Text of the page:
One thing is clear—our judicial system is being reshaped. If we have fewer trials, for example, we may need fewer trial judges and courtrooms. If we have fewer trials, we will have fewer appeals, and, therefore, we may need fewer appellate judges. Furthermore, fewer appeals mean less development of the common law and that, in turn, means diminished outcome predictability available to assist lawyers in advising clients.
Most important, we need the public to participate in our justice system, yet we are moving in the opposite direction. Juries in Texas civil district courts rendered 1,642 verdicts in 2005.13 Moreover, the voir dire examination of jury panels in civil cases in Texas has dropped as well. Between the 2004-2005 and the 2008-2009 time periods, the number of jury panels examined fell by more than 20 percent.14 Consequently, with the decrease in the number of jury trials in civil cases, we are excluding from the judicial process the very people we need—the public—to support a strong and independent judiciary, one of the fundamental underpinnings of our democracy. According to Paul D. Carrington, professor of law at Duke University, “The [jury] system has served many purposes, but its enduring purpose has been to secure a greater measure of trust in judicial institutions.”15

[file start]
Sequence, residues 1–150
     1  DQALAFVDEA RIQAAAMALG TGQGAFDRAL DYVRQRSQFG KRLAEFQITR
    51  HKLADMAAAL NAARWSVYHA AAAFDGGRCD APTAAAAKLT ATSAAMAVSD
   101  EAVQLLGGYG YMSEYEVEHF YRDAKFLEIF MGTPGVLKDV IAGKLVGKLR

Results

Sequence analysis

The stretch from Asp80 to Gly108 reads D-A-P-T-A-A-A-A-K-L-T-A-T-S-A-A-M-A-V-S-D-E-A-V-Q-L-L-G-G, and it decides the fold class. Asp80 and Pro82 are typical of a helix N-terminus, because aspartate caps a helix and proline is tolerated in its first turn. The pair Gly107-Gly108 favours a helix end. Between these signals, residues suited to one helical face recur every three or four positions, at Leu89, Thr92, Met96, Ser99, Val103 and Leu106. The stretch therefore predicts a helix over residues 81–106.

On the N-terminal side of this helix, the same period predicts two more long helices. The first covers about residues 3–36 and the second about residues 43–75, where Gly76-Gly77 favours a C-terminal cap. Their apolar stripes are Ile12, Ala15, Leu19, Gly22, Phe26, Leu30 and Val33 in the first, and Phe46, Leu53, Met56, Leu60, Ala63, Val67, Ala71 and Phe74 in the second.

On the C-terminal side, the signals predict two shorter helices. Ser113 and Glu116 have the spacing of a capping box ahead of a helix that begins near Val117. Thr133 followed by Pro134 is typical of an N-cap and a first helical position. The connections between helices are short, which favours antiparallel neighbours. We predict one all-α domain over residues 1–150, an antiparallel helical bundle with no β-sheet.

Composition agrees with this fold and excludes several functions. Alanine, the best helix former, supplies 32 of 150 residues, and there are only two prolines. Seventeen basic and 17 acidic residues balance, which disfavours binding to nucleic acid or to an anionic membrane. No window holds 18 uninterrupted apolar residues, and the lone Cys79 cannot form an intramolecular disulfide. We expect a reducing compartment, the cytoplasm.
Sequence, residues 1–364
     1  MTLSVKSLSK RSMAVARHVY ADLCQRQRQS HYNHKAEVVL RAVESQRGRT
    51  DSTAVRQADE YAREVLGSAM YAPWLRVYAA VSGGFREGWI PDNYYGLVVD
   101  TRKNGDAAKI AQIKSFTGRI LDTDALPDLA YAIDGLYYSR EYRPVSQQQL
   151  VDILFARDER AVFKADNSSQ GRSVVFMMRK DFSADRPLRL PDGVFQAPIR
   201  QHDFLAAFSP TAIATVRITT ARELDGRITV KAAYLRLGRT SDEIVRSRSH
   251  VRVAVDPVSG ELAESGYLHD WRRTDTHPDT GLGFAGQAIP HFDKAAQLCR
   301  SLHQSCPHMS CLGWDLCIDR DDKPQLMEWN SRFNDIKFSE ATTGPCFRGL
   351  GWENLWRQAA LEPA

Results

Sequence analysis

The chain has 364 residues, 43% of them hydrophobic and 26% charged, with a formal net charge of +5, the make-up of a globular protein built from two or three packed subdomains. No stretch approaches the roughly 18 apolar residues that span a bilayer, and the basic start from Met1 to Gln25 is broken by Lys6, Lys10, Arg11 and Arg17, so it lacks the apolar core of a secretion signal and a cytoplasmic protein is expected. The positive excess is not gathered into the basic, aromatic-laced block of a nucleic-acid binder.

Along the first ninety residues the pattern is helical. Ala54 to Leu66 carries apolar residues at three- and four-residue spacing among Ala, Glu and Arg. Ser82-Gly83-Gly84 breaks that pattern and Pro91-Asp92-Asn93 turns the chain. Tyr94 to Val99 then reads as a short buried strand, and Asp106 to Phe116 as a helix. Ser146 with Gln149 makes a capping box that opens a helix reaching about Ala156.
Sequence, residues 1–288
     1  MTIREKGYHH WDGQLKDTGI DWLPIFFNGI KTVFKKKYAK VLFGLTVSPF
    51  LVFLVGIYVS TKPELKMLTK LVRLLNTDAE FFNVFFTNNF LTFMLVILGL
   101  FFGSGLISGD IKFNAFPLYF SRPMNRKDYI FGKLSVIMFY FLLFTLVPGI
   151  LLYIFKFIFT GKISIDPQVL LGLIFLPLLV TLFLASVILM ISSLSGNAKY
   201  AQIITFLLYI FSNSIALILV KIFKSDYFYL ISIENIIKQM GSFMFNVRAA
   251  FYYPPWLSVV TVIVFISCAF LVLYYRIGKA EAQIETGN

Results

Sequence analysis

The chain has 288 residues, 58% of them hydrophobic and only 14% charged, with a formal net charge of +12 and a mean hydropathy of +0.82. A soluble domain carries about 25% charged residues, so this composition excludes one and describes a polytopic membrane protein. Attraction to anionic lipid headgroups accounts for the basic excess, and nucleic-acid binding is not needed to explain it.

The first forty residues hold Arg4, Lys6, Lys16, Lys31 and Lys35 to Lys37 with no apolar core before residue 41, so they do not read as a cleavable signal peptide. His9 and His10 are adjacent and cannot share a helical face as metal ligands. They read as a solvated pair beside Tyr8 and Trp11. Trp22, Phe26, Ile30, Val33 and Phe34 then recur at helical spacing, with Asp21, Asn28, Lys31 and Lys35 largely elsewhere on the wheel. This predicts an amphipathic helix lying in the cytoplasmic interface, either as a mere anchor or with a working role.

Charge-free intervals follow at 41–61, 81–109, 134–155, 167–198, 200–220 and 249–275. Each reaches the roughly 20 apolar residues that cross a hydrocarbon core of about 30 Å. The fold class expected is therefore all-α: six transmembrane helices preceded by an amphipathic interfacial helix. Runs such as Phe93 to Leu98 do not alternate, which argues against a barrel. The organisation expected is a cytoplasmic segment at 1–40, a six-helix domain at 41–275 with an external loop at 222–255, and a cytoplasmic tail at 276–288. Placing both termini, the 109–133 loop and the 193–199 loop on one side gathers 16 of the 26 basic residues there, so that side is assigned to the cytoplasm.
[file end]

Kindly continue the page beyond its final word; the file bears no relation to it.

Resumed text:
Judge Higginbotham strongly criticizes the direction in which we are heading: “Trials reduce disputes, and it is a profound mistake to view a trial as a failure of the system. A well-conducted trial is its crowning achievement.”16
Even lawyer and client access to judges in federal court appears to be declining. The current state of federal courts has been described as follows by Carrington and Roger C. Cramton, the Robert S. Stevens Emeritus Professor of Law at Cornell Law School:
In lieu of trials, the district judges and their staffs tend to practice “managerial judging,” a process by which they seek, by diverse methods, to facilitate settlements and avoid the necessity of making decisions that might burden a court of appeals with the need to review their judgments. Or, if a decision on the merits must be made, to render it in the form of a summary judgment, ruling one party’s proposed evidence to be legally insufficient and hence unworthy of being heard, a procedure that spares the trial judge the need to see and hear witnesses, but still enables him or her to expound the controlling law.17